The cultural performances of the day provided ample evidence of the talent that trans and queer community members have. Rabindra Nritya and classical dance presentations, contemporary dance performances, vocal music presentations, and recitations received good applause from the 70-80 strong audience. Among the speakers was dance teacher Kabita Dutta, whose troupe for young children presented a number of enjoyable performances. See videos here and here. Local TV channels were present in strength to cover the event.

This is a near dusk-time long shot of the audience for the Dol Jatra event. There are around 70-80 people, seated in an amphitheatre arrangement in the Kalyani Central Park. The audience is seated in three rows gracefully arching away from the camera, with each row on a higher ground than the one in the front. The audience includes some of the event performers and is a colourful lot in terms of the apparel worn. Some audience members are busy peering at their mobile phones while the others are watching the happenings on the stage (not in the picture). Behind the last row is a line of round columns. The space between some of the columns is screened with red and yellow cloth. Where the cloth is missing, buildings beyond the park are visible. The sky above is bright though the sun is already setting. Tall trees frame the background of the photograph. Photo courtesy Nadia Ranaghat Sampriti Society

A section of the audience at the Kalyani Central Park event. Photo courtesy Nadia Ranaghat Sampriti Society

The distribution of sweetmeats and other refreshments was intermixed with people applying abir in multiple hues to each other. At least for these few moments all differences of identities around gender, sexuality, class and caste seemed to be forgotten and everyone was equal.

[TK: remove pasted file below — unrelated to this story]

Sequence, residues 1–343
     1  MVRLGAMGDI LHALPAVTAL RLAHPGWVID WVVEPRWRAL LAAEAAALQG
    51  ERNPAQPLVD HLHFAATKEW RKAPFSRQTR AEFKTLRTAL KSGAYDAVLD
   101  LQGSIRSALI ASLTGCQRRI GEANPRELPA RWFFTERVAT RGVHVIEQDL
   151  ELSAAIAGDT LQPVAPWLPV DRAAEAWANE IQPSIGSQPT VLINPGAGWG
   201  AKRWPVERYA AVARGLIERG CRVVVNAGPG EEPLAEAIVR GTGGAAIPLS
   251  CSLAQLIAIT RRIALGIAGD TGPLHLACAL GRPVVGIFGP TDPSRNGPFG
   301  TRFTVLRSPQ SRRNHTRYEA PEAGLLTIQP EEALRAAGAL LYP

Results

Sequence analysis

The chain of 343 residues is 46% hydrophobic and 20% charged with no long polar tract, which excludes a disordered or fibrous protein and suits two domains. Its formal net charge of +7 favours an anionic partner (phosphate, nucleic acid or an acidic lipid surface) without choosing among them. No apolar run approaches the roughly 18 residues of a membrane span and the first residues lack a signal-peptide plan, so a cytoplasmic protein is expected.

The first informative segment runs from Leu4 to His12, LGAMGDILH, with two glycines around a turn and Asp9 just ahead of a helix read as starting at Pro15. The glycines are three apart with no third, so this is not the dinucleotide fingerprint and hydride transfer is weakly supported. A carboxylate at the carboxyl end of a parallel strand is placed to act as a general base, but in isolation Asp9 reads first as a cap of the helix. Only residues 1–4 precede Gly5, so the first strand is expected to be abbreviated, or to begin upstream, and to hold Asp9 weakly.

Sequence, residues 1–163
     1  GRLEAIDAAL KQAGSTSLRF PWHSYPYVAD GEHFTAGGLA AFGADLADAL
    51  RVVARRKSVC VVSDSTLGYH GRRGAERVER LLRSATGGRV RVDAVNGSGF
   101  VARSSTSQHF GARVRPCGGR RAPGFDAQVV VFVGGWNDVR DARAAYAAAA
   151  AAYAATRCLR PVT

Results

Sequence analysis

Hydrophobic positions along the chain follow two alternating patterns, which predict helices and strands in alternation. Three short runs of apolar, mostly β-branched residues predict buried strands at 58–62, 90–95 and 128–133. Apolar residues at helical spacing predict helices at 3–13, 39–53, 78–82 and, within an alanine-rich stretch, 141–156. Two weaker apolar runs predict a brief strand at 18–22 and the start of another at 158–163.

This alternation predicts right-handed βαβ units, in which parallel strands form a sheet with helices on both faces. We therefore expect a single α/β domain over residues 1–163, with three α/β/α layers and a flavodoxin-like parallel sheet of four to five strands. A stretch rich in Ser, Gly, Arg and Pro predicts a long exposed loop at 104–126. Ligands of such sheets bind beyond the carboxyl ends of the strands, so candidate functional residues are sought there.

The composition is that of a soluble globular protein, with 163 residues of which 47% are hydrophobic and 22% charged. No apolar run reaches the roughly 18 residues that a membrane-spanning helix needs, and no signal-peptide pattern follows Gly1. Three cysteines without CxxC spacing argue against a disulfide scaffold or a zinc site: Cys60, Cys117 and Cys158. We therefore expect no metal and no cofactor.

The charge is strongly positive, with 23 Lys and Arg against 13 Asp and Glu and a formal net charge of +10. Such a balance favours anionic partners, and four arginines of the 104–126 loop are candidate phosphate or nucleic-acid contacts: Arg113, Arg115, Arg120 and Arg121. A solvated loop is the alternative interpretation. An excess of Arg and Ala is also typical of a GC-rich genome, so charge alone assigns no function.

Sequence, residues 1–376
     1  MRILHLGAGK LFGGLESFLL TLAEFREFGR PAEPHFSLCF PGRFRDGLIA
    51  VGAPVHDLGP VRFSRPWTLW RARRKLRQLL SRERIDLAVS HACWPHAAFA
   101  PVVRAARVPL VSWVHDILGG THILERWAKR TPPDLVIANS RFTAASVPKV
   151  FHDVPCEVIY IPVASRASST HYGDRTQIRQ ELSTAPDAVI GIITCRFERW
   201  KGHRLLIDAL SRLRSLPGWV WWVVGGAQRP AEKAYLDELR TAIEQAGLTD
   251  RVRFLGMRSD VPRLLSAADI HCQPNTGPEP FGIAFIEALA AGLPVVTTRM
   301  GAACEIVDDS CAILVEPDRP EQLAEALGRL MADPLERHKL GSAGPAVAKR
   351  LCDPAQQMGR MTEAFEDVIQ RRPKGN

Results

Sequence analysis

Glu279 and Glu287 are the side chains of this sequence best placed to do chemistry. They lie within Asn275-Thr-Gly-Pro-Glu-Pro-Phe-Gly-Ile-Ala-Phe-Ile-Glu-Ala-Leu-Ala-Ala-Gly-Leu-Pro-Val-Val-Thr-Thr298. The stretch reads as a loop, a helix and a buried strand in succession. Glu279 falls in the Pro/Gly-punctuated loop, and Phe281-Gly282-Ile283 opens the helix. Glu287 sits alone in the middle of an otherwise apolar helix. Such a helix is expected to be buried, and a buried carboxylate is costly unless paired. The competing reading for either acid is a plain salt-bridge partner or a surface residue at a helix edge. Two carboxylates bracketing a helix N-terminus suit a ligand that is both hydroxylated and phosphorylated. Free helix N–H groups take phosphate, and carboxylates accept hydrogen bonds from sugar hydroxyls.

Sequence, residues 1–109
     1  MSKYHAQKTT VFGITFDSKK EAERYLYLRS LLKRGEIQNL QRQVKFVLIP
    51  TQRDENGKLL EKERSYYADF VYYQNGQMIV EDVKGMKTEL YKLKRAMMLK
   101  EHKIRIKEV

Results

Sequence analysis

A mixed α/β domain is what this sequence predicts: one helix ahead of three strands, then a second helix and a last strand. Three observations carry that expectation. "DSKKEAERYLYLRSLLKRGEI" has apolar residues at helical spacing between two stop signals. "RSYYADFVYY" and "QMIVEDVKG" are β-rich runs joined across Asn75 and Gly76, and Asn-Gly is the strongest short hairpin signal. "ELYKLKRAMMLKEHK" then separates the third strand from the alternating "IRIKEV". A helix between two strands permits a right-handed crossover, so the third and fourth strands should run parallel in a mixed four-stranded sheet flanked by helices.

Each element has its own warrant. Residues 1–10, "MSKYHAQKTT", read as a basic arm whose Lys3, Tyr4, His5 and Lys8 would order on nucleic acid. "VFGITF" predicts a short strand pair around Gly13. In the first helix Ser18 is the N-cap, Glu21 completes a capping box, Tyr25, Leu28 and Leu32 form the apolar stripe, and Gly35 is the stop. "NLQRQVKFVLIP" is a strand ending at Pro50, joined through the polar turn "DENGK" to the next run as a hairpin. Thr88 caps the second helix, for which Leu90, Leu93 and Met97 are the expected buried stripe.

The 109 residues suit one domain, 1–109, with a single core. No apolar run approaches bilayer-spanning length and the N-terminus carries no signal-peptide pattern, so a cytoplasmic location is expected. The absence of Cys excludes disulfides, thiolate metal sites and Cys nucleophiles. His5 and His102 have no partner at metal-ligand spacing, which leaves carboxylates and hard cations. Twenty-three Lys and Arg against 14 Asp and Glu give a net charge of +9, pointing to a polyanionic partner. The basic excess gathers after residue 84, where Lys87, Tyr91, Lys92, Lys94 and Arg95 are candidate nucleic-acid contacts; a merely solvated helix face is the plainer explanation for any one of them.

The organizers thanked everyone who had contributed to make the event a success and promised to be back with a similar event next year.

About the main photo: Scenes from the event at Kalyani Central Park on March 21, 2021. Photo credits: Rafiquel Haque Dowjah (dance performances) and Nadia Ranaghat Sampriti Society (plate of abir)

Inset: ‘Coronavirus Diary’ – queer citizen journalism in action! This monthly Varta webzine column brings you news and analysis on how queer communities, other vulnerable groups, and their allies are responding to the hardship caused by the coronavirus pandemic and associated lockdown in India. Content published under ‘Coronavirus Diary’ is contributed by participants in the third pilot of the Varta Community Reporters (VCR) Training and Citizen Journalism Programme (May to September 2020, extended till March 2021). This edition of the programme also involves strategic dissemination of the published reports for community morale building, experience sharing and advocacy to ensure that affected people gain access to resources for immediate survival and long-term self-sustenance. The VCR Programme aims to build communication, documentation and journalistic skills among youth and other groups marginalized around gender, sexuality or other social markers. In the process, it also attempts to enhance the employability of the participants. The programme consists of training workshops (including online ones), mentoring sessions, and writers workshops on gender, sexuality, human rights, communication, documentation and storytelling. The current pilot is the third under the VCR Programme. It covers Assam, Odisha and West Bengal states, and there are seven VCRs (queer individuals and allies) engaged in the programme. This pilot is supported by CREA, Delhi. The first pilot of the VCR Programme was conducted in Manipur from March to August 2018, and stories generated through the pilot were published under the ‘Manipur Diary’ column. The second pilot, from February to July 2019, covered Assam, Manipur and West Bengal and the stories generated were published under the ‘VCR Diary’ column – Editor.

Visit this page for more details on the Varta Community Reporters Training and Citizen Journalism Programme.